Moving your business from one office to another is rarely a fun process. Between cleaning up the old space, redesigning the new space and making sure every employee has a smooth transition, the experience is generally time consuming and stressful. Since National Business Furniture recently moved offices in May 2016, we interviewed some of the key players who were tasked with executing the move to find out what they thought about the process and to share their advice. These are the lessons they learned from their experience.
When it comes to a big move, timing is everything. Make sure you’re prepared for the worst case scenario, and start your planning as early as possible to prevent the worst from occurring. For the big NBF move, we hired a moving company that had served us well in the past, but they did not schedule a large enough moving crew on the days we hired them for, which pushed our overall timeframe out dangerously into the weekend, leaving us unsure if we’d be able to open up shop again the following Monday. The lesson learned here is that your contract with your moving company should include a minimum crew size and a minimum number of moving trucks to ensure it can all get done within the timeframe you expect. You should also try to avoid moving on the last day of the month because moving crews are often overbooked at that time.
In addition to working out every detail of the timing of your move, make sure you’ve budgeted correctly as well. Movers, designers and architects can sometimes charge hidden fees or upsell services at the last minute, so over-budgeting will ensure you have a cushion in case extra costs are incurred.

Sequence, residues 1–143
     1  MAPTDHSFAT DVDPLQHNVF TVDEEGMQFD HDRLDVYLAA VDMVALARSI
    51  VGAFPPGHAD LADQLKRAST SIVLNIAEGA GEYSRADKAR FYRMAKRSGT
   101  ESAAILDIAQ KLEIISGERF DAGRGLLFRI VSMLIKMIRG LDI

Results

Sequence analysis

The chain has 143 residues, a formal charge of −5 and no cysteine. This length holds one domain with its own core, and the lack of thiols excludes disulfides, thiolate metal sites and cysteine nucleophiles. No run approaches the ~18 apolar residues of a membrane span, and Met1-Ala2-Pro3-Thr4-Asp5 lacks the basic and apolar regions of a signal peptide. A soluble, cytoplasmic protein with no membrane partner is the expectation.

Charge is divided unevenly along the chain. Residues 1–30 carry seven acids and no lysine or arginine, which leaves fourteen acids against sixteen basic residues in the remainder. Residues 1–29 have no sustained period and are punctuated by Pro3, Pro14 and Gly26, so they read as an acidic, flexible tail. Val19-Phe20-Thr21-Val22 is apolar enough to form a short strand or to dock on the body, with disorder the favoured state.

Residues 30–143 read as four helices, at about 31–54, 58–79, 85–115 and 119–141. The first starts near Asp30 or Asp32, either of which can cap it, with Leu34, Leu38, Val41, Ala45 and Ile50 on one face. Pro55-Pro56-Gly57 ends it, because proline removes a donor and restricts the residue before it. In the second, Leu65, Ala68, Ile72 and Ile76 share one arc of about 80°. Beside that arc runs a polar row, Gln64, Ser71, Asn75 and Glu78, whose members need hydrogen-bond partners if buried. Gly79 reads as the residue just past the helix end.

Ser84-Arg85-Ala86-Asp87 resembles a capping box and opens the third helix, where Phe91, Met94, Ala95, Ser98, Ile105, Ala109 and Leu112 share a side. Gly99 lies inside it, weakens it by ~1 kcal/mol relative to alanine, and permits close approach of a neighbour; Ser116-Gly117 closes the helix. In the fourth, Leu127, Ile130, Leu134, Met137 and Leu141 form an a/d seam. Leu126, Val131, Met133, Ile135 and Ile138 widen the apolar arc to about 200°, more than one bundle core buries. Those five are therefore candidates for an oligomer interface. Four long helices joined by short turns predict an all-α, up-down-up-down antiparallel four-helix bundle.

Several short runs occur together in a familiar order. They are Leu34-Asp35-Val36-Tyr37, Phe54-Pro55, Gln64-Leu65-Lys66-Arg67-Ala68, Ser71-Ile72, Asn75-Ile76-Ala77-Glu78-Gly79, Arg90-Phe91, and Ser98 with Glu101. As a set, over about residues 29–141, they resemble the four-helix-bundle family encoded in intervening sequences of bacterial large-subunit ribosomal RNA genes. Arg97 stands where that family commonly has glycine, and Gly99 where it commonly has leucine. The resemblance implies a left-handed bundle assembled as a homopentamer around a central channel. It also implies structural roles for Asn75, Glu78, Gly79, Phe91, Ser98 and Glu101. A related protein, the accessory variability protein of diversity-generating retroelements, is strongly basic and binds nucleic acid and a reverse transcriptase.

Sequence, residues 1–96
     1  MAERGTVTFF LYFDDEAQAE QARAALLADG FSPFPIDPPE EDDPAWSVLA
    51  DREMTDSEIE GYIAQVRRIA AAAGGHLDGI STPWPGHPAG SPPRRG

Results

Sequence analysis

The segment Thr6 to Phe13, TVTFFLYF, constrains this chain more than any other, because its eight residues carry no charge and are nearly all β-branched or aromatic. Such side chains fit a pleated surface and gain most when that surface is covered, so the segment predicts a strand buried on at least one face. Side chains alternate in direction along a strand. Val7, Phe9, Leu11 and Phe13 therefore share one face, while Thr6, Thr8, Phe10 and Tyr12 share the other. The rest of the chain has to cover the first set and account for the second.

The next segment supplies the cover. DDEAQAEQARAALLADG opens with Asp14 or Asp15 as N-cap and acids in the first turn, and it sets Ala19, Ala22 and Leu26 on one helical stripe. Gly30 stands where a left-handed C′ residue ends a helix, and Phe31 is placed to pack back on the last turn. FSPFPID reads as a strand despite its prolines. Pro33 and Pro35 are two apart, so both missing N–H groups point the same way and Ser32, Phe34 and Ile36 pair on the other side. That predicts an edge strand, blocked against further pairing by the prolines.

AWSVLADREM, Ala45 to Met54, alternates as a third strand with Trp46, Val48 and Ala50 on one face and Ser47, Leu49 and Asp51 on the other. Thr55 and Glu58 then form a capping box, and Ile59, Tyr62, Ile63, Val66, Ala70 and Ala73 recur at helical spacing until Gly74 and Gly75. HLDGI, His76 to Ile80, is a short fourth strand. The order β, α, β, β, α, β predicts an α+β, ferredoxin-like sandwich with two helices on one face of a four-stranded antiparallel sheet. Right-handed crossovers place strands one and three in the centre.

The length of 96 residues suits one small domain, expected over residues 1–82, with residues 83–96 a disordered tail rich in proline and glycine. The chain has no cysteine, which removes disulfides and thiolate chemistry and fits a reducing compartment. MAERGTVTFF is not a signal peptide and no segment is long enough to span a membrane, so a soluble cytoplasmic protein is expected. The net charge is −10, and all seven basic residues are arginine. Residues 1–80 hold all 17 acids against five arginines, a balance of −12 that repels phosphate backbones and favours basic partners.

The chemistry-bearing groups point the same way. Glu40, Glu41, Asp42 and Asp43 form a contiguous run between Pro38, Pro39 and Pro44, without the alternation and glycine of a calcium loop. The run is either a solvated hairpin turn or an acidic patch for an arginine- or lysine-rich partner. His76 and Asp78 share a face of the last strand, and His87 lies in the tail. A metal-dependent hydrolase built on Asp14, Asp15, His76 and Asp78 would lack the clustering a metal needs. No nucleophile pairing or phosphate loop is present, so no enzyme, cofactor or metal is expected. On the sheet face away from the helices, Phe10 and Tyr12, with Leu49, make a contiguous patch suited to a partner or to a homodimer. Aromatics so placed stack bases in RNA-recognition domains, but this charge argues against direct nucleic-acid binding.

NBF General Manager Rick Wachowiak went so far as to say, “If I could do it again, I would have assigned a project manager to the move at almost a full-time status. I would have had the project manager meet with all key individuals early on to discuss the scope of the move and to agree on the budget and timeframe. Having a go-to person to reach out to when problems arise is the best way to reduce stress and prevent things from going south during a move. It is a huge undertaking, so allow more time and budget than you initially think you’ll need.”
Enforce Hard Deadlines
When moving large pieces of furniture and equipment in large quantities, deadlines need to be made and they need to be enforced by any means necessary. Not only should you give employees deadlines for cleaning out their desks at the old building and setting up their spaces at the new building, but you should also give deadlines to everyone involved in any part of the process. Old building managers, new building managers, architects, movers, interior designers and even the smallest players should be notified of when their work must be done by.
In regard to the need for deadlines, NBF President Kent Anderson said, “I wish I would have included a hard and fast deadline in the contract with our architects that included a penalty for being late.”
Keeping deadlines for every step of the move will ensure everything happens in order and on time, which is sure to reduce stress immensely.
There’s something to be said for staying organized. Before anything is moved from your old office to your new one, make sure it is carefully labeled with a color coded tag so that the moving company will know exactly where to put it and how to handle it. Many moving companies use this tactic as part of their services, but you can help by ensuring that everything is in its proper place and ready to go before the movers show up.
Once everything is moved into your new building, make sure you have the manpower to get it all set up. For most businesses, this will require proper communication with your movers, interior designers, IT department and employees, all of whom will play crucial roles in unpacking equipment and supplies.